I am interested in an ad for Citi credit cards in the May 2008 issue of O. It shows a woman working under a car, her white jeans rolled up, and on her feet, red high-heeled shoes with ankle straps. She is supposed to have bought them both on credit.
Even the inducement to use a credit card seems so last economy. And would anyone work under a car in white jeans? Not twice. But what troubles me most about it is the implicit story: you can do men’s work and still be valued as a traditional feminine sex object. This story spreads, like a drop of ink in a small glass of water, to a larger very American idea: You can do it all and have it all, and that will make you happy. You can!
I think this in part accounts for the wierd popularity of the inexperienced Sarah Palin. She is the one woman who seems to have brought it off: husband, kids, stellar career, masculine hobbies, beauty queen, athletic ability, profound self-confidence. And I think that all across America women are failing miserably to carry this heavy package.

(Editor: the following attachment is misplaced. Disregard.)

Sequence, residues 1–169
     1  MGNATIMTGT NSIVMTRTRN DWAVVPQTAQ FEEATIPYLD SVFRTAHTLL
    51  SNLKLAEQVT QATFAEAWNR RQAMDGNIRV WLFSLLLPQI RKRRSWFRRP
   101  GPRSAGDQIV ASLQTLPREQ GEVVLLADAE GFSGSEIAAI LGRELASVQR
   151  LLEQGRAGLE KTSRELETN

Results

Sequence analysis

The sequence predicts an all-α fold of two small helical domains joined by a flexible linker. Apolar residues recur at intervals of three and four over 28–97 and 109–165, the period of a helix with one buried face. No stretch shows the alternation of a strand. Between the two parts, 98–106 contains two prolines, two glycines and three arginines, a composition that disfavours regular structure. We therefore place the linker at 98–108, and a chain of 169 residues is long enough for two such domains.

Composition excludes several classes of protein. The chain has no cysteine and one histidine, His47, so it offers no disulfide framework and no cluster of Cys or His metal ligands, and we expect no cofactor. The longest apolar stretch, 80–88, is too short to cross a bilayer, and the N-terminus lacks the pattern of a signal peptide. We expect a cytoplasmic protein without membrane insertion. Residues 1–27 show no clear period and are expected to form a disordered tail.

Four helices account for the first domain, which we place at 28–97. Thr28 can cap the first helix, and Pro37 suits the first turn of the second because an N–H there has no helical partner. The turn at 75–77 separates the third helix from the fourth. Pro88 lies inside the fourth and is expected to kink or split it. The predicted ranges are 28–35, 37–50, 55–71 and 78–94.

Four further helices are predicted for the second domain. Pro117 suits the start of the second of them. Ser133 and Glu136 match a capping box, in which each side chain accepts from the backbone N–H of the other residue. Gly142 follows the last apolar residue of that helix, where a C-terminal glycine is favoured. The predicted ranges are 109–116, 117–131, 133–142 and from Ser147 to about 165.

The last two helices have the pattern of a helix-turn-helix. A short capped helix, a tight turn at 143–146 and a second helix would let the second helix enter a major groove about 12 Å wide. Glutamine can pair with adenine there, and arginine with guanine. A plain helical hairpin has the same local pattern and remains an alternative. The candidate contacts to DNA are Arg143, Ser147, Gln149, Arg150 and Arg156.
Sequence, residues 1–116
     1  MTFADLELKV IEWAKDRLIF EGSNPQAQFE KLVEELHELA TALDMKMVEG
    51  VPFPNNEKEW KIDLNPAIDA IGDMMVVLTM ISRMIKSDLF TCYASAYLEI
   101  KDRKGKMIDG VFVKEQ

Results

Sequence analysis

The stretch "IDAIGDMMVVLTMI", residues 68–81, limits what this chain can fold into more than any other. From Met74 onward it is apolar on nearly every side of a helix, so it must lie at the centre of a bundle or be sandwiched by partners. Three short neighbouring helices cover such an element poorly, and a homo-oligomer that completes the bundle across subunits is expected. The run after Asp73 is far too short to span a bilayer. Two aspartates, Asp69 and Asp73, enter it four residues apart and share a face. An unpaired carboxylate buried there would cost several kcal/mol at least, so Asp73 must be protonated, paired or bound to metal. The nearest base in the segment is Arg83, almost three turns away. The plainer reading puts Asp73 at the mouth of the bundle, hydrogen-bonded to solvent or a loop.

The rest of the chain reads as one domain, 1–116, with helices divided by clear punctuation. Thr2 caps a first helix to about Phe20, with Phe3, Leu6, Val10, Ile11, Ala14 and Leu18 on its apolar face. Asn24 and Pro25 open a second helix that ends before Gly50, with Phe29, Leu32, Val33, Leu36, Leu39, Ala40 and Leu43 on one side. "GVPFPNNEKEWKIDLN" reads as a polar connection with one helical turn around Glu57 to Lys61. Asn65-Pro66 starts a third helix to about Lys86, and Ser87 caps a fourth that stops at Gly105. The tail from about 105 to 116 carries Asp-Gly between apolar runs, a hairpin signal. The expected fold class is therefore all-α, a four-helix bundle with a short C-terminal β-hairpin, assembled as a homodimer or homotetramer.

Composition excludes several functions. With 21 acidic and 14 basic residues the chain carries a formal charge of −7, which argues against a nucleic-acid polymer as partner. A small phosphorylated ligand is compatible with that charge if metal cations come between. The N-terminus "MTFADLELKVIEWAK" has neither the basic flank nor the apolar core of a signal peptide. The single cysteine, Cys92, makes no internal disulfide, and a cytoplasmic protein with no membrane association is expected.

But they—or we—want to believe it’s possible. It’s the new fairy tale, the distortion of the feminist ideal by the fundamental American story: greed is okay, the individual matters most of all. The Story of Sarah says to overburdened women, many of them I believe, the working poor, Have faith—it can be done. It is a myth that benefits only the bosses.